18(c) What operating rules will you adopt to eliminate or minimize social costs?
|gTLD||Full Legal Name||E-mail suffix||Detail|
|.mit||Massachusetts Institute of Technology||mit.edu||View|
As noted in the answers to Questions 18(b) and 22, MIT plans to maintain at least two (2) web sites detailing MIT’s accepted policies and procedures for registering and maintaining “.mit” domains (the “Policies and Procedures Sites”). MIT staff will, at various points during and after implementation of the “.mit” TLD, alert the MIT community to the existence of the Policies and Procedures Sites. MIT believes that, by ensuring eligible registrants’ accessibility to these terms and conditions, it can, for both applicants and MIT staff, reduce the time associated with the application process for “.mit” domains. By streamlining the domain request process, thereby reducing the number of questions submitted to MIT’s Office of Information Services & Technology (“IS&T”), MIT’s Technology Licensing Office (“TLO”), and MIT’s Office of General Counsel (“OGC”), MIT will reduce its costs incurred (in terms of manpower devoted to the registration process). The first five (5) years of the TLD implementation process will provide valuable information as to how MIT can further reduce costs associated with the domain request process. Therefore, during the first five (5) years of the “.mit” TLD’s availability, IS&T, TLO, and OGC representatives will periodically discuss if⁄how MIT can reduce the costs incurred by MIT (as a result of operating the TLD) without diminishing the efficiency with which MIT administers its TLD program and⁄or the quality of service offered by MIT. Because MIT will not charge eligible registrants for any aspect of applying for or maintaining a “.mit” TLD, the notion of offering any sort of cost benefits (i.e. bulk discounts, advantageous pricing, etc.) is not applicable to MIT’s proposed system. Moreover, as long as MIT administers a gTLD, it will not change the aforementioned policy in order to charge eligible registrants. Thus, the prospect of price increases imposed upon registrants is not applicable to MIT’s anticipated system for a gTLD.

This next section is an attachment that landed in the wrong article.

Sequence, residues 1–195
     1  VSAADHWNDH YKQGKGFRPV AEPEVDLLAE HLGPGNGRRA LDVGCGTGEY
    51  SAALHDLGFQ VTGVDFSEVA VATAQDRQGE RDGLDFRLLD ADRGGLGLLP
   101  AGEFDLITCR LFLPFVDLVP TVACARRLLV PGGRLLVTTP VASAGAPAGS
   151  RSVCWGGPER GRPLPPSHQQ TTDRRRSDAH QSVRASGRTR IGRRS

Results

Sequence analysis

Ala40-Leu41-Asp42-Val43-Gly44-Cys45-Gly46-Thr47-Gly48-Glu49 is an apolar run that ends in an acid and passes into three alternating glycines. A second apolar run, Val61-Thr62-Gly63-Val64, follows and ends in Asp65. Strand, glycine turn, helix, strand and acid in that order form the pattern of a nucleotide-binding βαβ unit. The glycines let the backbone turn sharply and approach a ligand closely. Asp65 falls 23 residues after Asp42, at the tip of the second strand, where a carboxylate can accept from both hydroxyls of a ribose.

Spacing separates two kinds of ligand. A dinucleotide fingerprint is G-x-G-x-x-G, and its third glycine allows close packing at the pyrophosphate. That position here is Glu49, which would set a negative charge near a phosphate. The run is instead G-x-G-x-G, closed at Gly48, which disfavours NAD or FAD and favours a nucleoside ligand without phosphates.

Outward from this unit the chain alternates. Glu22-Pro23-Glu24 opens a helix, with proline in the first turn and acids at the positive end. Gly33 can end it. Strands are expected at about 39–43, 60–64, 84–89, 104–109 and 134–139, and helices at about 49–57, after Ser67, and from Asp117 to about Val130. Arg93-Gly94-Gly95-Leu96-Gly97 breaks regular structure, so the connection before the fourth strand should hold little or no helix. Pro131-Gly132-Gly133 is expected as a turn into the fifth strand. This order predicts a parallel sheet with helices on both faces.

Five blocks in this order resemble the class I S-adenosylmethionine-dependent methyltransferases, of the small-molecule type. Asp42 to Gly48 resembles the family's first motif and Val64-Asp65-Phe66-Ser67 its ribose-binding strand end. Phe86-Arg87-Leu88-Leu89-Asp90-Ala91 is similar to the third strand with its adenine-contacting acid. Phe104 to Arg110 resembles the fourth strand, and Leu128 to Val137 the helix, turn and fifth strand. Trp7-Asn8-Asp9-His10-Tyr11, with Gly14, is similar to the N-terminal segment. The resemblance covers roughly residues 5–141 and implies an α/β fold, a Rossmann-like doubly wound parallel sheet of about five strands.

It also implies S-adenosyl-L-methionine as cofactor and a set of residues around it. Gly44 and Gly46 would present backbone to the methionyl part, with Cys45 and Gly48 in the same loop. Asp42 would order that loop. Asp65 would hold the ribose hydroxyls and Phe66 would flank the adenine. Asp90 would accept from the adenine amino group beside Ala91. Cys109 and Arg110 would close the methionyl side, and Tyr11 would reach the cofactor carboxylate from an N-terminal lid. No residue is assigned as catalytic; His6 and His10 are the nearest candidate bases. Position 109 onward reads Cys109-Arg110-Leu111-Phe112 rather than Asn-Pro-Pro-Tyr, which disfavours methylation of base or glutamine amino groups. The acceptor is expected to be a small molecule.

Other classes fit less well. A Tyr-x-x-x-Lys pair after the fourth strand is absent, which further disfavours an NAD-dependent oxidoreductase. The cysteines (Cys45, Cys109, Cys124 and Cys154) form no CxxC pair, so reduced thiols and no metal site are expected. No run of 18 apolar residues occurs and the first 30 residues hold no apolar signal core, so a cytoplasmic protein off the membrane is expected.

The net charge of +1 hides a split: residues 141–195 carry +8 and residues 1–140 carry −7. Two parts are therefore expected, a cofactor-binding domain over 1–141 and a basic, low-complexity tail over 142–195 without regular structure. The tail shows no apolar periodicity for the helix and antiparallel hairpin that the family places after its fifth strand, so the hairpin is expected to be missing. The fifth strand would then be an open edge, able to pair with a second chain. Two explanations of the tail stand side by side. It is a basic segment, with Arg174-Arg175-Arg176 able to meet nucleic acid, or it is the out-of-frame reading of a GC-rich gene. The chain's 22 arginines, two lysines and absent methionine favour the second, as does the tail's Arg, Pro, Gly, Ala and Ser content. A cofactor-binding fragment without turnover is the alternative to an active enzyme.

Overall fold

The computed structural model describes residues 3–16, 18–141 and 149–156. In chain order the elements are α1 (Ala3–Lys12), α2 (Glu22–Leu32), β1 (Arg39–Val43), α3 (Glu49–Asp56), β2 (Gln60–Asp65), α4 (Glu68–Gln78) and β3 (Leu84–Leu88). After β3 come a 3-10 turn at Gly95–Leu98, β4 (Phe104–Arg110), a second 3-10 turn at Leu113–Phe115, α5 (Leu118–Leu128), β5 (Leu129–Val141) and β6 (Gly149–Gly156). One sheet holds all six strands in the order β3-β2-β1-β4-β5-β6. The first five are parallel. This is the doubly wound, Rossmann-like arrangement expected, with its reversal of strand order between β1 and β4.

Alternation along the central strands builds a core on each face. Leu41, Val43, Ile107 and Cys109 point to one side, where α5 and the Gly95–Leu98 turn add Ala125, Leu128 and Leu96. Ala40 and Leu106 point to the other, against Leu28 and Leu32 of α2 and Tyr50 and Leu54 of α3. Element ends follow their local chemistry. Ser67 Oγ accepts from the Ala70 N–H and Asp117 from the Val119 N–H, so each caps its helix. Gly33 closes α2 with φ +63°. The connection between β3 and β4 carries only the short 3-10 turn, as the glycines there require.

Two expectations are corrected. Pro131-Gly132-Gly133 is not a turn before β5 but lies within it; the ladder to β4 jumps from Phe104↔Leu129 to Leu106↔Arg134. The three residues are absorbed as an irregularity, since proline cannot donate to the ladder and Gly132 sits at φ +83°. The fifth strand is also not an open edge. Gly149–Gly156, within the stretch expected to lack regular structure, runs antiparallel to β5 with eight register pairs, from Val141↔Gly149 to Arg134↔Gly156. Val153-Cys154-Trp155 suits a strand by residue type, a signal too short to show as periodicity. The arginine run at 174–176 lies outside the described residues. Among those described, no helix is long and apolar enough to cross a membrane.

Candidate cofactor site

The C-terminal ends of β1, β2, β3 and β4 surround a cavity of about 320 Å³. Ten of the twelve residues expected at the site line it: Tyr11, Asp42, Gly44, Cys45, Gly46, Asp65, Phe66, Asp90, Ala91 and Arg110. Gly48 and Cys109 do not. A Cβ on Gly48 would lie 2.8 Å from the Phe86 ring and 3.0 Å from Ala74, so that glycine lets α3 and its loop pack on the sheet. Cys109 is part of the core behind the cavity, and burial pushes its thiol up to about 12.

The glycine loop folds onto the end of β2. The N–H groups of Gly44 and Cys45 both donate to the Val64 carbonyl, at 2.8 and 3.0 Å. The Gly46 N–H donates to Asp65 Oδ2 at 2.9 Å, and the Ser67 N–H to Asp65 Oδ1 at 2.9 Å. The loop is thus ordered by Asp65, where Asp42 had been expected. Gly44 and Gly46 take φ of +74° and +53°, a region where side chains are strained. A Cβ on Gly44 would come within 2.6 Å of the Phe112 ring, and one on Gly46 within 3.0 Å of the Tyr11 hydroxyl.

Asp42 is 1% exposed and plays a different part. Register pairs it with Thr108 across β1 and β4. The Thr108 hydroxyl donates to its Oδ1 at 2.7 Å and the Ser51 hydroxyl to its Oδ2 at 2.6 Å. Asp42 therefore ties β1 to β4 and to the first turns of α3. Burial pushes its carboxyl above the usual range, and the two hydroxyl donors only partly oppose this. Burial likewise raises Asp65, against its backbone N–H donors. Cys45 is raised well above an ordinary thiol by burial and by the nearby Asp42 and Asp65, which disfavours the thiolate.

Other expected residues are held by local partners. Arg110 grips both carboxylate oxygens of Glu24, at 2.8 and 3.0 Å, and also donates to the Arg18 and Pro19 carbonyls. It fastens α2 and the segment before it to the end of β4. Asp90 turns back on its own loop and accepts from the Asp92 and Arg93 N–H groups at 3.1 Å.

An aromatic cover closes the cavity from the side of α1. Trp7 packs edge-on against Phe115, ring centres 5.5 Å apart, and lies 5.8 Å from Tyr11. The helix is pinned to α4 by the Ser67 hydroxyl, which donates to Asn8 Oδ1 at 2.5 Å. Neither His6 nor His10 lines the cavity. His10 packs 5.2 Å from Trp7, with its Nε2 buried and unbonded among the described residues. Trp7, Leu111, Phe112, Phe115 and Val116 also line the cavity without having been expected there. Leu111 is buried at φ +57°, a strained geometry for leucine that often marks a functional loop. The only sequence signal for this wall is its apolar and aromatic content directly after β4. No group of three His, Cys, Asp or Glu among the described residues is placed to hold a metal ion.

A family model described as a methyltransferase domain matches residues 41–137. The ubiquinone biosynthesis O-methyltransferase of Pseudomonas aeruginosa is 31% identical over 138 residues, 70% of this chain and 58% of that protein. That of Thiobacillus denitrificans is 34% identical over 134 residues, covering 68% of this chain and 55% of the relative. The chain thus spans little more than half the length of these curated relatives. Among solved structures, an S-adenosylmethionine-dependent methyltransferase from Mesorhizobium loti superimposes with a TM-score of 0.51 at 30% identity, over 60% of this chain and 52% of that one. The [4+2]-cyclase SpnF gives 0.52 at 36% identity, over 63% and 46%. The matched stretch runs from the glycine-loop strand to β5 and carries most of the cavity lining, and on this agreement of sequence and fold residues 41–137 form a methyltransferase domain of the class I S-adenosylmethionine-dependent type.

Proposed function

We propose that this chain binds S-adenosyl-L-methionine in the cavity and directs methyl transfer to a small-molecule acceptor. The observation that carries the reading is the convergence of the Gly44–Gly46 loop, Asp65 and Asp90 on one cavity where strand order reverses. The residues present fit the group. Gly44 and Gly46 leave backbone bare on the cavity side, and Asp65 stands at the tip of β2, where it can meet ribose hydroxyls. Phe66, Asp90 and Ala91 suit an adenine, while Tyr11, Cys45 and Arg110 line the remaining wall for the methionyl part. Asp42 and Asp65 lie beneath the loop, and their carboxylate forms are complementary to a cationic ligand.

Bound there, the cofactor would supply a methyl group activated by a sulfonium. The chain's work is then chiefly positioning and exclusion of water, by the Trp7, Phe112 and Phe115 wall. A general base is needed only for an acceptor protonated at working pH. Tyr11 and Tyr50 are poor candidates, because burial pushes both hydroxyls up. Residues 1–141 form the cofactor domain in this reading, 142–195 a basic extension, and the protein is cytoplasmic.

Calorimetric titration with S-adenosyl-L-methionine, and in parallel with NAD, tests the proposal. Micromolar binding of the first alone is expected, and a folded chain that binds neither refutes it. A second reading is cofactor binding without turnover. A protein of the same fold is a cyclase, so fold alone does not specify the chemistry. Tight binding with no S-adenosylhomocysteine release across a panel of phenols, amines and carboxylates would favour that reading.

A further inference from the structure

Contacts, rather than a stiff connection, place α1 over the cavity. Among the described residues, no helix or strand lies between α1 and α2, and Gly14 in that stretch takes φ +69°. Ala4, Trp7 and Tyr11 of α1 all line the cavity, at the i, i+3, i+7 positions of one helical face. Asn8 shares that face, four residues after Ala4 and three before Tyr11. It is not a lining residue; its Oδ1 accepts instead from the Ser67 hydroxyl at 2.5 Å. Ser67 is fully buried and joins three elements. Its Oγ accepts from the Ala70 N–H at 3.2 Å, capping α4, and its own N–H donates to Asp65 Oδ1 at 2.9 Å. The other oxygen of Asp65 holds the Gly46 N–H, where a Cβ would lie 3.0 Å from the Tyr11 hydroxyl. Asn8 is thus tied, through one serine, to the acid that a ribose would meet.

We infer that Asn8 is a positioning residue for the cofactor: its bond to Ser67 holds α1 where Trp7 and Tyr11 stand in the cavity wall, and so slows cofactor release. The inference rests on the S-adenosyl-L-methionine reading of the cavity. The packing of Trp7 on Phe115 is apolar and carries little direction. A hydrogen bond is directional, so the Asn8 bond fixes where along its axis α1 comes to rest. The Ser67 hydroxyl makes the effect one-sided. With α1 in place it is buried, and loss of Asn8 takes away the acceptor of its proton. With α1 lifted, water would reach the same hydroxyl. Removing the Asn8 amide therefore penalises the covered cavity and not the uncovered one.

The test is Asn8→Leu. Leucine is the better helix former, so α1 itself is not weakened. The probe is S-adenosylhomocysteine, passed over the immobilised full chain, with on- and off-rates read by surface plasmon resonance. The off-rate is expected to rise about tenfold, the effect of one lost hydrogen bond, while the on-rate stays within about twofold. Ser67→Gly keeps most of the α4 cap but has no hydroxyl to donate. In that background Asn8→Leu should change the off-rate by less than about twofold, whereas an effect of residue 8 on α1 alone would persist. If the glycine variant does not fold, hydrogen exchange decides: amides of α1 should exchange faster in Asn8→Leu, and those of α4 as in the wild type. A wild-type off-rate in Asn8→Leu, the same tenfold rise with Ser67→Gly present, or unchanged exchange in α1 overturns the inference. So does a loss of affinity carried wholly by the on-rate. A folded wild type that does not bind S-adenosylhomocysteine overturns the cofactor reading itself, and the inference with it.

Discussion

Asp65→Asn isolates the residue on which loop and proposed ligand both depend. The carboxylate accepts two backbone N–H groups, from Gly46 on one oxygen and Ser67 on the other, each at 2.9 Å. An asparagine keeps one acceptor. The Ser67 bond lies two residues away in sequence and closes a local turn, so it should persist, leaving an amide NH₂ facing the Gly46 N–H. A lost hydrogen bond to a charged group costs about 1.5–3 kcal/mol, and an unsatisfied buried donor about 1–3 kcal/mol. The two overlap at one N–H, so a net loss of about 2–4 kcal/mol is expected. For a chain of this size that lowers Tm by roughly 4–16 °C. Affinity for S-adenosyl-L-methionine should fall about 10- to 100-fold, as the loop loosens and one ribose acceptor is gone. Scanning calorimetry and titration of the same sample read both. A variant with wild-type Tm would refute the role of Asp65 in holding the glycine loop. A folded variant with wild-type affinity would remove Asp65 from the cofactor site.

Also as outlined in the answer to Question 18(b), MIT will offer eligible registrants a modified “first come⁄first serve” system for requesting “.mit” domains. Generally, eligible registrants shall be permitted to request any available “.mit” domain (subject to the review process detailed in the response to Question 18(b)). If an eligible registrant wishes to register an already-registered “.mit” domain, then he⁄she⁄it must establish how his⁄her⁄its rights to the contested domain outweigh those of the eligible registrant that has already secured the domain. To do so, the contesting eligible registrant may submit notification of a dispute via the appropriate link on one of the “Policies and Procedures Sites”. This type of dispute will be reviewed by at least one IS&T representative and at least one staff member from either MIT’s TLO or OGC. Each party (i.e. the eligible registrant that already registered the at-issue domain and the contesting eligible registrant) shall have an opportunity to explain (to those reviewing the dispute) why he⁄she⁄it represents the more suitable recipient of that “.mit” domain. Once those considering the dispute have determined an appropriate resolution, they will communicate the results in writing to each eligible registrant involved in the matter. If either registrant wishes to appeal the results of this inquiry, they may contact the TLO in order to do so. However, the MIT TLO reserves the right to issue final decisions on such matters.
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